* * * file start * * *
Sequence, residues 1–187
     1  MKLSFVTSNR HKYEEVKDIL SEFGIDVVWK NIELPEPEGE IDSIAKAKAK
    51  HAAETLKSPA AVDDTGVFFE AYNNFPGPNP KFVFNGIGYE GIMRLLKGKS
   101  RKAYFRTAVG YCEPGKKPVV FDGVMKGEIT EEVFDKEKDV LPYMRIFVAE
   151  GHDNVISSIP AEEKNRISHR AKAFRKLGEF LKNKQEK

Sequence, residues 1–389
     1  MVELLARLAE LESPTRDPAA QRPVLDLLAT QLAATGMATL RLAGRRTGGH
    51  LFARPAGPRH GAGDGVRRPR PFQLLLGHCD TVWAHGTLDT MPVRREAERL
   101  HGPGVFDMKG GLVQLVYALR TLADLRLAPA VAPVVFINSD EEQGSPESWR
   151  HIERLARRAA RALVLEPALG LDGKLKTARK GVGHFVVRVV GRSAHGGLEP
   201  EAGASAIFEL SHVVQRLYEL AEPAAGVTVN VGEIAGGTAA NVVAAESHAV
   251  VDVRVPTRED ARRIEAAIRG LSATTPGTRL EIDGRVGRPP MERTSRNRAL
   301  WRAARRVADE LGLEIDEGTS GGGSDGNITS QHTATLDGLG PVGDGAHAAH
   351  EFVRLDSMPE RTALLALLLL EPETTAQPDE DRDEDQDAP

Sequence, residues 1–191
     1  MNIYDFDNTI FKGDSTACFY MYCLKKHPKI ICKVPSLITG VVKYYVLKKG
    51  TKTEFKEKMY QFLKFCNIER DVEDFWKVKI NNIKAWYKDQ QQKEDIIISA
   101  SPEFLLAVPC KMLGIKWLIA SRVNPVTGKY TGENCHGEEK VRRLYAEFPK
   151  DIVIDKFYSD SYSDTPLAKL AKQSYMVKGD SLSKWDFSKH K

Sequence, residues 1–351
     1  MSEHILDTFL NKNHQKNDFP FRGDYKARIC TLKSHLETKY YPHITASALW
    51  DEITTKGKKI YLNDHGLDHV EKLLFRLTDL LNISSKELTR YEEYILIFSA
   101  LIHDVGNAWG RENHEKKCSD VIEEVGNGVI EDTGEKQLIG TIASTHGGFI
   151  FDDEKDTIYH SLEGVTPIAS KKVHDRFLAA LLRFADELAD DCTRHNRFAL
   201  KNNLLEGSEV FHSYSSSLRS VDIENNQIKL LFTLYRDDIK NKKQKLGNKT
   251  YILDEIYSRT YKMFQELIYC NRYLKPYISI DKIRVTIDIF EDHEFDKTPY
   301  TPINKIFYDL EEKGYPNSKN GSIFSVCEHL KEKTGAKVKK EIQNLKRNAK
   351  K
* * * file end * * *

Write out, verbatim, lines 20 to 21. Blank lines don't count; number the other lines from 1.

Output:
Sequence, residues 1–351
     1  MSEHILDTFL NKNHQKNDFP FRGDYKARIC TLKSHLETKY YPHITASALW